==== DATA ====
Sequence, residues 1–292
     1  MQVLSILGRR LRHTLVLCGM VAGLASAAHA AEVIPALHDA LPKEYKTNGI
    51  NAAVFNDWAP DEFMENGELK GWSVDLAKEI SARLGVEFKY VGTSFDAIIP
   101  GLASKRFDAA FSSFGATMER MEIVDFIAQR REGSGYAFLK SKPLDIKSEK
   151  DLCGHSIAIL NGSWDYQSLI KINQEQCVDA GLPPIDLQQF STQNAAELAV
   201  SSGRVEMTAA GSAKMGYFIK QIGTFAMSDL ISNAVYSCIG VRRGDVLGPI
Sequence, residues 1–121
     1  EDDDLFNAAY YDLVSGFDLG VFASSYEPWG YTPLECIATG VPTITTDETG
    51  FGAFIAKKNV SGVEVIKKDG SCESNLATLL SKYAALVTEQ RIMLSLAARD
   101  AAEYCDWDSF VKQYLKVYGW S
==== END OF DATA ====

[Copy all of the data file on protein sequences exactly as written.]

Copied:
Sequence, residues 1–292
     1  MQVLSILGRR LRHTLVLCGM VAGLASAAHA AEVIPALHDA LPKEYKTNGI
    51  NAAVFNDWAP DEFMENGELK GWSVDLAKEI SARLGVEFKY VGTSFDAIIP
   101  GLASKRFDAA FSSFGATMER MEIVDFIAQR REGSGYAFLK SKPLDIKSEK
   151  DLCGHSIAIL NGSWDYQSLI KINQEQCVDA GLPPIDLQQF STQNAAELAV
   201  SSGRVEMTAA GSAKMGYFIK QIGTFAMSDL ISNAVYSCIG VRRGDVLGPI
Sequence, residues 1–121
     1  EDDDLFNAAY YDLVSGFDLG VFASSYEPWG YTPLECIATG VPTITTDETG
    51  FGAFIAKKNV SGVEVIKKDG SCESNLATLL SKYAALVTEQ RIMLSLAARD
   101  AAEYCDWDSF VKQYLKVYGW S